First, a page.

Shall thrill th' attuned heart-string with delight-
No more shall deck your pensive Pleasures sweet
With wreaths of sober hue my evening seat.
Yet dear to Fancy's eye your varied scene
Of wood, hill, dale, and sparkling brook between!
Yet sweet to Fancy's ear the warbled song,
That soars on Morning's wing your vales among.

Scenes of my Hope! the aching eye ye leave
Like yon bright hues that paint the clouds of eve!
Tearful and sad'ning with the sadden'd blaze
Mine eye the gleam pursues with wistful gaze.
Sees shades on shades with deeper tint impend,
Till chill and damp the moonless night descend.

IN THE MANNER OF SPENCER.

O PEACE, that on a lilied bank dost love
To rest thine head beneath an Olive Tree,
I would, that from the pinions of thy Dove
One quill withouten pain ypluck'd might be.

For O! I wish my Sara's frowns to flee,
And fain to her some soothing song would write,
Lest she resent my rude discourtesy,
Who vow'd to meet her ere the morning light,
But broke my plighted word-ah! false and recreant

Wight!
Last night as I my weary head did pillow
With thoughts of my dissevered Fair engross'd,
Chill Fancy droop'd wreathing herself with willow,
As tho' my breast entomb'd a pining ghost.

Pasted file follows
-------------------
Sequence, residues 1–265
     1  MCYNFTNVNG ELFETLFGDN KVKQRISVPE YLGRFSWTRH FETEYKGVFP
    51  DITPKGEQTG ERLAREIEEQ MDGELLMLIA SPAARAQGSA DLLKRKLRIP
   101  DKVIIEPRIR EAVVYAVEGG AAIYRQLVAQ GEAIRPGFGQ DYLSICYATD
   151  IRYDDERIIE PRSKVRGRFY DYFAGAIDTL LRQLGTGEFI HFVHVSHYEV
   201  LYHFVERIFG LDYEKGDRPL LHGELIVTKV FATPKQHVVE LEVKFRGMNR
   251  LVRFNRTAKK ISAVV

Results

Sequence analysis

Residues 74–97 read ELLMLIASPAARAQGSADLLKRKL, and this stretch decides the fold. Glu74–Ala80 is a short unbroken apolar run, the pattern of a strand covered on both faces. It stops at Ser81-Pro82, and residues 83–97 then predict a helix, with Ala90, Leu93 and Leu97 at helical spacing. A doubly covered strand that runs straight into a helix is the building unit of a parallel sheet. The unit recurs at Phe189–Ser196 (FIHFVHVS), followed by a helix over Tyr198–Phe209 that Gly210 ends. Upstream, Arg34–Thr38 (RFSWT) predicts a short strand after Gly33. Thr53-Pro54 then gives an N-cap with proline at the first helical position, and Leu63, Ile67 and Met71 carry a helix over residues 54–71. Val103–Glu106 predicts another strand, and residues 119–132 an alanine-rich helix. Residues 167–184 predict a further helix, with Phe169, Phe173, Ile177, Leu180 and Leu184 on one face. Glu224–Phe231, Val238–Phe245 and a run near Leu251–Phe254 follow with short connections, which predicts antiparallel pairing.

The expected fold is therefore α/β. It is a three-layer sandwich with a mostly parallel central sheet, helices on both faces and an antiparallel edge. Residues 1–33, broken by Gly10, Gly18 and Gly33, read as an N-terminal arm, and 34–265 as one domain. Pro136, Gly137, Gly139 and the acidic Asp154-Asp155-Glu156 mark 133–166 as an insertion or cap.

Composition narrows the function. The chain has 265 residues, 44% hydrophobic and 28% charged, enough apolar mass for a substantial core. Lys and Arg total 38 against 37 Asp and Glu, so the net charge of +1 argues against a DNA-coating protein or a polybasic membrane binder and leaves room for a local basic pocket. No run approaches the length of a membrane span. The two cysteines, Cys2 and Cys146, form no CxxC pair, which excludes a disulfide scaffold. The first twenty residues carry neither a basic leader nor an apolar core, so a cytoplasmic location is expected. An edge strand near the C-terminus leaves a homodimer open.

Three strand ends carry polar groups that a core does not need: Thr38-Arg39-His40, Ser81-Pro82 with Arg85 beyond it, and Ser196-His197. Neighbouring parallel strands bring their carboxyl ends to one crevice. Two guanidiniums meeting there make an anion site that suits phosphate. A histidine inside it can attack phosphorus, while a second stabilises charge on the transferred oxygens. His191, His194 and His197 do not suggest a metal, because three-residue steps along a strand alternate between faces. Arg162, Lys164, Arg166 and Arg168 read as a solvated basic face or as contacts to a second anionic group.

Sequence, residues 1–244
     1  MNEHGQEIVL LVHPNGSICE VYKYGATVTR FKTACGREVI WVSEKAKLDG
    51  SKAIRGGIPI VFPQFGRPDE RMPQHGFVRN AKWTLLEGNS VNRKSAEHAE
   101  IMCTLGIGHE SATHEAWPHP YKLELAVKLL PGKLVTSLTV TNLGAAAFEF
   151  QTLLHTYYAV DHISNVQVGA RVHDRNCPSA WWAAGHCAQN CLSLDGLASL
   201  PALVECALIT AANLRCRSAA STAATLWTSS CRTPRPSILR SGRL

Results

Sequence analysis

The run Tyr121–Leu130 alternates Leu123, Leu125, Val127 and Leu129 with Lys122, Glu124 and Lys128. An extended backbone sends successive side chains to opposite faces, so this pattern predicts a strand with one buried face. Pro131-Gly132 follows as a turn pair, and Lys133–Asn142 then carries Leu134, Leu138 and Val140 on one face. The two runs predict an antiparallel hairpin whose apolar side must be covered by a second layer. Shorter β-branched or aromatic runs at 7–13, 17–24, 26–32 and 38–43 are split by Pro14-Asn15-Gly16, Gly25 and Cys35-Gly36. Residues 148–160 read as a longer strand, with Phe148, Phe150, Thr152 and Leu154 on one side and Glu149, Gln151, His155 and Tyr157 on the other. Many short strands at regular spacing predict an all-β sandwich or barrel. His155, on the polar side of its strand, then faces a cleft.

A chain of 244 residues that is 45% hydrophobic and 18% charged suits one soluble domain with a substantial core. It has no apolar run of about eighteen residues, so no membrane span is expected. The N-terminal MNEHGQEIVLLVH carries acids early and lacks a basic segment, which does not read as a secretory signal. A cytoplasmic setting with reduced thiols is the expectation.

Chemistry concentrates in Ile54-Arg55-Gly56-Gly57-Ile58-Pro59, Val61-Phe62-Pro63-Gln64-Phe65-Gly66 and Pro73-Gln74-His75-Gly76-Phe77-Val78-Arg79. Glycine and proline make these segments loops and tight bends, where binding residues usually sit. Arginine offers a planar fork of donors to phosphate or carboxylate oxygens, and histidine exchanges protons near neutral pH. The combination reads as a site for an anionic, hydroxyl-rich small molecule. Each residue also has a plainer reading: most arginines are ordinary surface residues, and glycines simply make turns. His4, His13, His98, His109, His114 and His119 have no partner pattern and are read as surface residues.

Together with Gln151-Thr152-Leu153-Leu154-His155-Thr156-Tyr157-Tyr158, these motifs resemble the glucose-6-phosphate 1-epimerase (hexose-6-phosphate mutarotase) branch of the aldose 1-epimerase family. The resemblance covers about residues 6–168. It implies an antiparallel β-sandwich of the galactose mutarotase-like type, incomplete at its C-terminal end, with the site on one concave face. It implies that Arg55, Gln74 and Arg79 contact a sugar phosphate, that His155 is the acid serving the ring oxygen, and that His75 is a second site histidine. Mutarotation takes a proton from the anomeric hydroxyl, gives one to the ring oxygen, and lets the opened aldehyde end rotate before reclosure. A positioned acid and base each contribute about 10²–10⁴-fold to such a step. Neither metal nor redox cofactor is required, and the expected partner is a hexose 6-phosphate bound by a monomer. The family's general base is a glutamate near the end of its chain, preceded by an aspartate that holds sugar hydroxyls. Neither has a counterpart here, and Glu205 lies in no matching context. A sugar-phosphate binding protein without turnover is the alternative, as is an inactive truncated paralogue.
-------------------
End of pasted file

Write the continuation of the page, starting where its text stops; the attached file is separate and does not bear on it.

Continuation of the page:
“From some blest couch, young Rapture's bridal

boast,
Rejected Slumber! hither wing thy way; .
But leave me with the matin hour, at most !
As night-clos'd flowret to the orient ray,
My sad hart will expand, when I the Maid survey."

But Love, who“ heard the silence of my thought,"
Contriv'd a too successful wile, I ween:
And whisper'd to himself, with malice fraught-
“ Too long our Slave the Damsel's smiles hath seen ;
To-morrow shall he ken her alter'd mien!”
He spake, and ambush'd lay, till on my bed
The Morning shot her dewy glances keen,
When as I 'gan uplift my drowsy head-
“ Now, Bard ! I'll work thee woe!” the laughing Elfin

said.
Sleep, softly-breathing God! his downy wing
Was flutt'ring now, as quickly to depart;
When twang’d an arrow from Love's mystic string,
With pathless wound it pierc'd him to the heart.
Was there some Magic in the Elfin's dart ?
Or did he strike my couch with wizard lance ?
For strait so fair a Form did upwards start

(No fairer deck'd the Bowers of old Romance) That Sleep enamour'd grew, nor mov'd from his sweet

trance!

My Sara came, with gentlest look divine ;
Bright shone her eye, yet tender was its beam:
I felt the pressure of her lip to mine!
Whisp’ring we went, and Love was all our theme-
Love pure and spotless, as at first, I deem,
He sprang from Heaven! Such joys with Sleep did 'bide,
That I the living Image of my dream
Fondly forgot. Too late I woke, and sigh’d-
“O! how shall I behold my Love at even-tide!".

THE COMPOSITION OF A KISS.

CUPID, if storying * Legends tell aright,
Once fram’d a rich elixir of delight.
A Chalice o'er love-kindled flames he fix'd,
And in it nectar and ambrosia mix'd .

* " Effinxit quondam blandum meditata laborem

Basia lascivâ Cypria Diva mana
Ambrosiæ succos occultâ temperat arte,

Fragransque infuso nectare tingit opus.
Sufficit et partem mellis, quod subdolus olim

Non impune favis surripuisset Amor.
Decussos violæ foliis admiscet odores

Et spolia æstivis plurima rapta rosis.
Addit et illecebras et mille et mille lepores,

Et quot Acidalius guadia Cestus habet.
Ex his composuit Dea basia; et omnia libans
Invenias nitidæ sparsa per ora Cloës ”

Curm. Quad. Vol. II.

H